To the question posed by young writers as to how they might find a subject or story for an early book, sometimes the answer may be to get away as far from home as possible. The late and great Bruce Chatwin once told me that, tired of his life as a Sotheby’s auctioneer and as Sunday Times journalist in the 1970s, he cobbled together funds and suddenly left with a rucksack for South America. The result of that journey was In Patagonia (1977), a classic of modern travel literature.
Rahul Bhattacharya, the Indian cricket journalist, was gripped by a similar desire: “To reinvent one’s living, to escape the deadness of the life one was accustomed to was to be hungry for the world one saw.” He bought a one-year return ticket and went to Guyana, on the northern coast of the same continent, a land bound by the Amazon and Orinoco rivers, that he had briefly visited as a 22-year-old while covering a West Indies cricket tour. The country’s “low sky, red earth and brown earth made me feel humble and ecstatic. The drenched wooden houses on stilts wrenched my soul”, writes Bhattacharya, as his alter ego ventures into Guyana’s bush, rainforest, coast and mountains and finally into Venezuela on a disastrous love affair.
Around Georgetown, the capital, there are Atlantic villages called Kitty and buses have names like “No. 72 Sita Sita”. A madcap cast of original characters abound—layabouts, scoundrels, wedding cooks and others—with names like Rabindranath Latchman, De Jesus, Roger Khan and Ramotar Seven Curry. Their explicit, rum-infused patois, more potent than V.S. Naipaul’s Caribbean-speak, is addictive. Here’s Dr Red talking: “In Kamrang I get six wives one night, and the remarkable thing is that none of them is meet eighteen. Like fourteen-eighteen. Akawaio girls. All the wannabe girls say, You give me a chile, man, Uncle Red, you my chilefadder but still you don’t love me. I say, I love you with all my heart, I love you, but I lie...”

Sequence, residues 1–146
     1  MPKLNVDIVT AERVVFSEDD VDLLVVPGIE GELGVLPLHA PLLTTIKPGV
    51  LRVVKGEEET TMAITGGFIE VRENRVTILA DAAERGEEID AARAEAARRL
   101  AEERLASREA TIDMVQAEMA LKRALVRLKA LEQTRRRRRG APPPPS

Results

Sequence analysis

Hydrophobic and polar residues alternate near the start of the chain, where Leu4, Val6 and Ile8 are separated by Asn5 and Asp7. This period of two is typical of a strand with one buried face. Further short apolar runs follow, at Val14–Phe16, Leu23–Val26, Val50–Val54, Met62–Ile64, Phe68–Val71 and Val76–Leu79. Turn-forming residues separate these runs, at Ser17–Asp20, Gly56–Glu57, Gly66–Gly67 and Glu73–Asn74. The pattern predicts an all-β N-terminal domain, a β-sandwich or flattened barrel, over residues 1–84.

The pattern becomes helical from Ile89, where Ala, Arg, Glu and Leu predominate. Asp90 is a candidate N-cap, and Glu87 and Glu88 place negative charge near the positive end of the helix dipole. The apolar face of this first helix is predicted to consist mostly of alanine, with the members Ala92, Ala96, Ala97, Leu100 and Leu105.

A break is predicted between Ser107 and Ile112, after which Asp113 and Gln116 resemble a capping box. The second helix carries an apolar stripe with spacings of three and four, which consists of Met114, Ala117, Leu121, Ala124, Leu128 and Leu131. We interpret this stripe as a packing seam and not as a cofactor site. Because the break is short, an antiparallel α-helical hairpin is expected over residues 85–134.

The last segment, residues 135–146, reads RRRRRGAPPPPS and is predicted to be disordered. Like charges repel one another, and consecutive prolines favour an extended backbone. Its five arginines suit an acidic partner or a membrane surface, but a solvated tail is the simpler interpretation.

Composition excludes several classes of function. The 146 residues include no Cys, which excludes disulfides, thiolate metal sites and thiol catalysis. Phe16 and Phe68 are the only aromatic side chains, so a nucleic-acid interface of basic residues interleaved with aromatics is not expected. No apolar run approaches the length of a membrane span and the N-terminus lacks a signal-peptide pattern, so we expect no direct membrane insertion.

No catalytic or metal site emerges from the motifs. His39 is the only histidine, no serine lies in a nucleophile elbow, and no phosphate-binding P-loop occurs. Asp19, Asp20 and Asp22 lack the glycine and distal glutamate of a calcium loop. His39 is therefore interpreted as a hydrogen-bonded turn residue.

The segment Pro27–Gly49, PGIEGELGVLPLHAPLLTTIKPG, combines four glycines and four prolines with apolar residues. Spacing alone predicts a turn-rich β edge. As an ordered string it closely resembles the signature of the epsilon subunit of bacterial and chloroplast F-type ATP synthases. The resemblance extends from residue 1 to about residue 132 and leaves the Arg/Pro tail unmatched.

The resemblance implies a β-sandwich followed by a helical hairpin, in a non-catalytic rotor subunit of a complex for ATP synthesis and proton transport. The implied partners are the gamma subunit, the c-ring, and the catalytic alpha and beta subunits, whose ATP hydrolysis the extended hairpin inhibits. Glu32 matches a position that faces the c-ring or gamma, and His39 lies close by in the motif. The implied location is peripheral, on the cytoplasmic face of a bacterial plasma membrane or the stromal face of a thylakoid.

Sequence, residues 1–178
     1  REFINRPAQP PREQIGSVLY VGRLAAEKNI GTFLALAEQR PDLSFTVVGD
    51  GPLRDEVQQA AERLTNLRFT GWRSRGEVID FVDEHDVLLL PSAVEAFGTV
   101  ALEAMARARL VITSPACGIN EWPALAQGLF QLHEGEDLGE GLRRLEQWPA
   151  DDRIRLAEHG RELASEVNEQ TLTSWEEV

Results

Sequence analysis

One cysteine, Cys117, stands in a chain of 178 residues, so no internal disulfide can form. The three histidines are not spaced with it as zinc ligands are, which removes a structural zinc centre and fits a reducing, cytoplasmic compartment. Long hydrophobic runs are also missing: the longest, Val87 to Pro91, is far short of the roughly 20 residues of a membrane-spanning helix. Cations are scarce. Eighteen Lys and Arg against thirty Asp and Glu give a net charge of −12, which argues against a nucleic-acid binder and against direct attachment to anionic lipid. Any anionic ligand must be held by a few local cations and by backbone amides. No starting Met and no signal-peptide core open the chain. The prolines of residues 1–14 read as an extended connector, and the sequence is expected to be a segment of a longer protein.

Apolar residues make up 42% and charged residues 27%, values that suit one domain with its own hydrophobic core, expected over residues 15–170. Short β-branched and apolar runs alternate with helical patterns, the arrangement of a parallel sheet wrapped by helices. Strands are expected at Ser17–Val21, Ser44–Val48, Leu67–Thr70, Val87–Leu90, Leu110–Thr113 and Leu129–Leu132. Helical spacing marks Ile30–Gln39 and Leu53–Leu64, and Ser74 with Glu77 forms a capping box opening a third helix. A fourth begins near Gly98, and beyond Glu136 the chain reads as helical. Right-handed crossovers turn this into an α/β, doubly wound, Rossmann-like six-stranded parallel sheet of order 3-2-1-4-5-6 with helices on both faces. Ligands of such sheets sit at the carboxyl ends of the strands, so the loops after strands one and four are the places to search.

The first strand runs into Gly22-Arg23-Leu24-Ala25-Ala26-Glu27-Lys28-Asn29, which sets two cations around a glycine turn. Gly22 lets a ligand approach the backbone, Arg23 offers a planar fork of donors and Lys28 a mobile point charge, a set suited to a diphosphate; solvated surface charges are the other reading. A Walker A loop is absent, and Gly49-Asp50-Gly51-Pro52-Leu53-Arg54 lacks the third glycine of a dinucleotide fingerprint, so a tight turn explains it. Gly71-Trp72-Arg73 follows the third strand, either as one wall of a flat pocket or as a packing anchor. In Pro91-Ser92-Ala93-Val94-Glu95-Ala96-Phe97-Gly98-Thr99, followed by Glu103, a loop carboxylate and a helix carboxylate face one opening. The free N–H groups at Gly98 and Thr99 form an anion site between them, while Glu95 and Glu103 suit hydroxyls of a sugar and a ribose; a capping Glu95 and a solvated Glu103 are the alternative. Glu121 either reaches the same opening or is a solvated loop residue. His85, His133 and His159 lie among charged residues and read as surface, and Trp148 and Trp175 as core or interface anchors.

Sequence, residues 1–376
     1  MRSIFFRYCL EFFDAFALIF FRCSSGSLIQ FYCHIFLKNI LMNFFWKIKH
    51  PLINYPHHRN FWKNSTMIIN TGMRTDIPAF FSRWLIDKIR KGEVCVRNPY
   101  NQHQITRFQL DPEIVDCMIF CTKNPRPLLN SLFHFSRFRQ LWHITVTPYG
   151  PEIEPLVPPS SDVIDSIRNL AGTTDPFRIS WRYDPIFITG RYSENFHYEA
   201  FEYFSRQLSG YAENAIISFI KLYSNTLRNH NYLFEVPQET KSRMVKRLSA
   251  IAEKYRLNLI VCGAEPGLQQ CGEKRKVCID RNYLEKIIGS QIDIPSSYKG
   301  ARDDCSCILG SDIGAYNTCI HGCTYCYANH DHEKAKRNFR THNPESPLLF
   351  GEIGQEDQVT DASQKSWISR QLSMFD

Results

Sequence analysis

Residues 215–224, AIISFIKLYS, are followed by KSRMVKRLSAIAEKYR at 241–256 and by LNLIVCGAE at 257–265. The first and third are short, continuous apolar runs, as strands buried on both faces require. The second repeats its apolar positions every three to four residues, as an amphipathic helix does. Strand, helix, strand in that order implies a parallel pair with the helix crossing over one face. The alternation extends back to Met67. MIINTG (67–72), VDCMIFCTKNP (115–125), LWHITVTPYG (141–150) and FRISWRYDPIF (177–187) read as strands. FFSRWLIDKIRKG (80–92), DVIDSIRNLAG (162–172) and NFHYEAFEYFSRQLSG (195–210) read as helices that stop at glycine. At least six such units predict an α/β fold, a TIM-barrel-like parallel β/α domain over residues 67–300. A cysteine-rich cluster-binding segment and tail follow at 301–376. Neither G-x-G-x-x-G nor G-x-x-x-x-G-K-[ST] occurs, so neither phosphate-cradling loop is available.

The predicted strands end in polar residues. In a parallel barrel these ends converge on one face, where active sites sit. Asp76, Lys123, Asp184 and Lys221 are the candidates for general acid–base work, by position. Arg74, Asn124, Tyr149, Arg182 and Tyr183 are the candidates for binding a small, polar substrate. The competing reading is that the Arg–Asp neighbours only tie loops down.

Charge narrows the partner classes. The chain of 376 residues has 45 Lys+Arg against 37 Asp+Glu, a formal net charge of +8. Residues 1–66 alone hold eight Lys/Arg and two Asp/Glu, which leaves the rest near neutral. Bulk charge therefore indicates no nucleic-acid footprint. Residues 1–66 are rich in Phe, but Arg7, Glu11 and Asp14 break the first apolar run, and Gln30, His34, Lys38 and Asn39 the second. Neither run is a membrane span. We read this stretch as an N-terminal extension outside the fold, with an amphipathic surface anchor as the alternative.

Guyana’s pungent masala mix of reggae, Bhojpuri and Bollywood music, and racial hybrid of “chine, putagee, buck, coolie and blackman” are descended from waves of slaves and indentured labour imported by Dutch and British colonists from the 17th century to tame a riverine land of mangrove and mosquito. They came from Africa, Portuguese Madeira and China but mostly from Basti and Buxar. Distinctions between East Indians (descendants of coolies) and Indian nationals (Indians from India) exist but it is polite in Guyana to ask if you are mixed. As a character points out, “Drop a lil single drop of black in any colour, see how much the colour turns black. Anytime you got a little black in you, you is a blackman. Eh he. That is the power of black.”
With his acute eye for landscape and character and his sharp ear for the cadence of slang, Rahul Bhattacharya’s expeditions are travels in hyper reality. But he does not shape his work as a memoir-travelogue (emphasising the word “novel” in the title). When the publishers received the manuscript, they sent it to the editor of a leading Guyana paper for vetting. The editor wrote back to ask where he could locate Ramotar Seven Curry. Answer: he is a complete fiction.
Among the many accomplishments of this exceptional book is Bhattacharya’s ability to portray sex with an unabashed, edgy abandon. Unconvincing passion is the bane of much of Indian fiction: often lewd and surreptitious, it can be as coy and mechanical as coitus interruptus. There is a wild complicity in the protagonist’s affair with the shop girl Jan (short for Jankey, partly Indian but “my father got a lil Brazzo in him”); their enraptured escape to Venezuela and heady couplings as they travel from small town to big city carry hints of duplicity from the very start, for there is something at once legit and illicit about the affair. Time is running out for both, and Bhattacharya, the novelist, shrewdly raises the pitch to the final deception.
How much of this mesmerising fictional debut is real, imagined or a roman a clef is left to the reader’s choice. It is certainly the best first novel by an Indian I have read in a long time. The word “sly” in the title could be read as a conceit.